Martin Lee, 'father of democracy', nominated for the Nobel Peace Prize
Lee Chu-ming is one of the founders of Hong Kong’s Democratic Party. A Catholic, the former lawmaker was arrested last April and then released on bail for taking part in an unauthorised protest.
Hong Kong (AsiaNews) – Martin Lee Chu-ming, "father of democracy" in Hong Kong and one of the founders of the Democratic Party, is among the candidates for the Nobel Peace Prize.
Two Norwegian parliamentarians Mathilde Tybring-Gjedde and Peter Frølich, both from the Conservative party, nominated Lee.
A devout Catholic, Martin Lee was a Member of the Legislative Council of Hong Kong before and after the British colony was returned to China. He is also one of the staunchest defenders of freedom in Hong Kong and mainland China.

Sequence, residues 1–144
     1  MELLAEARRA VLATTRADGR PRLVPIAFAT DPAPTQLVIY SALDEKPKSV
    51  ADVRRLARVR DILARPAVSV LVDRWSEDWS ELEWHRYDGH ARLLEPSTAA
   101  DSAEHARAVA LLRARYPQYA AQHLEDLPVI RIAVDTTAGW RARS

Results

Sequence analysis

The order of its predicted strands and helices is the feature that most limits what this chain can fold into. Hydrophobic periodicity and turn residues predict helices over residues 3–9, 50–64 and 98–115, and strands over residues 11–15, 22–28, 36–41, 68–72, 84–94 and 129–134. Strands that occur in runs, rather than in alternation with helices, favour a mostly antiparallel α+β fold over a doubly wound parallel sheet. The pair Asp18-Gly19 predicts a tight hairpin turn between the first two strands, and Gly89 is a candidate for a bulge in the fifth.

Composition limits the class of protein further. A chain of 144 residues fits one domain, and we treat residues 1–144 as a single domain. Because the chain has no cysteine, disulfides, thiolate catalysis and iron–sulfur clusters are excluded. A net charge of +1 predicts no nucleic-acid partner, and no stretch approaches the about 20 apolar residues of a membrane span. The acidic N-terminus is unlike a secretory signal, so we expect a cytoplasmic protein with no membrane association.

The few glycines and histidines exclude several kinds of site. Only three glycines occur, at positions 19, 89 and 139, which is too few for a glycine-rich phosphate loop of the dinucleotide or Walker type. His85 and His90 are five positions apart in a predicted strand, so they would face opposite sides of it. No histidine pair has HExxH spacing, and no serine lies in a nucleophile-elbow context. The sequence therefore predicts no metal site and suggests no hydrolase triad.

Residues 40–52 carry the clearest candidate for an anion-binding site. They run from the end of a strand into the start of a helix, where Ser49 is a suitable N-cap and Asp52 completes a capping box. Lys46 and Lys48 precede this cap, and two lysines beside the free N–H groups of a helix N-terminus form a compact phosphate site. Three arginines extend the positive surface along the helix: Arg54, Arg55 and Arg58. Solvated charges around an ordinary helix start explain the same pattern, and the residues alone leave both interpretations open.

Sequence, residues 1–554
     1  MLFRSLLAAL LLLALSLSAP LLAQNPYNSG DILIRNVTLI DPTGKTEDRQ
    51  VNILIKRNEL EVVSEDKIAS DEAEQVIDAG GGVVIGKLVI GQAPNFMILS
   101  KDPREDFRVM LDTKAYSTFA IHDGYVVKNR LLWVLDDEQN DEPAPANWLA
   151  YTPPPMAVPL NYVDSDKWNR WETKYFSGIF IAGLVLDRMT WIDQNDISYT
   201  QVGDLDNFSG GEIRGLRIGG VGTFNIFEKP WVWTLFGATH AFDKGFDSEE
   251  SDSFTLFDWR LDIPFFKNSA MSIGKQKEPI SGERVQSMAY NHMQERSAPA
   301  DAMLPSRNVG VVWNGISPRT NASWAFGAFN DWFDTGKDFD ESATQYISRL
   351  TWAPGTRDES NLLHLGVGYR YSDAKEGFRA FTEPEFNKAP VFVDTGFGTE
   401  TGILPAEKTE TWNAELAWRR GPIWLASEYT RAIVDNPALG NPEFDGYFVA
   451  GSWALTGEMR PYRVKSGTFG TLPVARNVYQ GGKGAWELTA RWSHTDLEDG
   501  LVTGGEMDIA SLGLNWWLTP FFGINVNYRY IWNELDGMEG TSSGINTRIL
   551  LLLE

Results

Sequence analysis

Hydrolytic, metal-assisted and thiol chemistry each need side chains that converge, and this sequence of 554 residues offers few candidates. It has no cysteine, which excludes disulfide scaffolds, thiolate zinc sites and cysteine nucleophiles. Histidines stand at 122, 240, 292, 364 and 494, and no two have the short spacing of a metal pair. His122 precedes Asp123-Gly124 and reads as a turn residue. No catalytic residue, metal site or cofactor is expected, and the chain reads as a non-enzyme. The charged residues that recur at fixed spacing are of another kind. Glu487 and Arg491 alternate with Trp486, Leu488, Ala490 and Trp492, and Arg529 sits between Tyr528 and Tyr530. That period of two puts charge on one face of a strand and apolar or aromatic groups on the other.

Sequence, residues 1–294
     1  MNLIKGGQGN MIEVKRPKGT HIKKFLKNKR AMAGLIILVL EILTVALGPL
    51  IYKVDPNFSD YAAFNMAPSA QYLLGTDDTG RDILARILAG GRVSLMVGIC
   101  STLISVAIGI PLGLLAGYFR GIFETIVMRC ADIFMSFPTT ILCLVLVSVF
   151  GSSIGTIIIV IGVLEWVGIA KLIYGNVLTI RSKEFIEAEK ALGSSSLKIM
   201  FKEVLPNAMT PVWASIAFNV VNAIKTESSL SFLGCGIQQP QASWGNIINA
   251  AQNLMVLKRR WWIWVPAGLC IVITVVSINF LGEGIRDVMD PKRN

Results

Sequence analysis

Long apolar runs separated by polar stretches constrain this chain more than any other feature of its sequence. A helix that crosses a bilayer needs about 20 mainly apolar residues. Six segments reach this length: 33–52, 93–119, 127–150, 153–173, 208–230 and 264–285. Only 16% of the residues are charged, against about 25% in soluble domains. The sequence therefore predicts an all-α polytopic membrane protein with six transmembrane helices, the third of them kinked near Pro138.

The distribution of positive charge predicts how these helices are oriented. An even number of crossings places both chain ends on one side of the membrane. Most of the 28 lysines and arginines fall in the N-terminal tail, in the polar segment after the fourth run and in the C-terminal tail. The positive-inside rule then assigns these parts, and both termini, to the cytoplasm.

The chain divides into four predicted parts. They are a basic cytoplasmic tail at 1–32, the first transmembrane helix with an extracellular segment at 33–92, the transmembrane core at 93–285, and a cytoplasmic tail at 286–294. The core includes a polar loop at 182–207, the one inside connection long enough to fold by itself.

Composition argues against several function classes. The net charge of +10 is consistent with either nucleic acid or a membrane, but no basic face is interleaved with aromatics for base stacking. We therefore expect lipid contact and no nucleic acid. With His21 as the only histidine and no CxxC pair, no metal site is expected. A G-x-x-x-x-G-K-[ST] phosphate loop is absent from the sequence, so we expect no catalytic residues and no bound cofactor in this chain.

The two Norwegian lawmakers said they hope Lee's candidacy will be “a source of inspiration for the pro-democracy movement in Hong Kong and advocates for freedom around the world.”
Lee, 82, is one of the most prominent public figures to be arrested last April for supporting unauthorised protest against a planned new security law.
Fourteen other people were arrested with Lee, including Jimmy Lai, owner of the Apple Daily newspaper. At present, everyone is out on bail except for Jimmy Lai. Their trial is set for 16 February.
Since 1901, the Nobel Peace Prize has been awarded to people and institutions that have done their best for fraternity between nations, the abolition or reduction of armies and the maintenance and promotion of peace.
Last year the award went to the World Food Programme for its efforts against world hunger.
One of the Chinese laureates of the Prize is writer Liu Xiaobo, who was left terminally ill in prison in Liaoning, and hospitalised only at the last minute.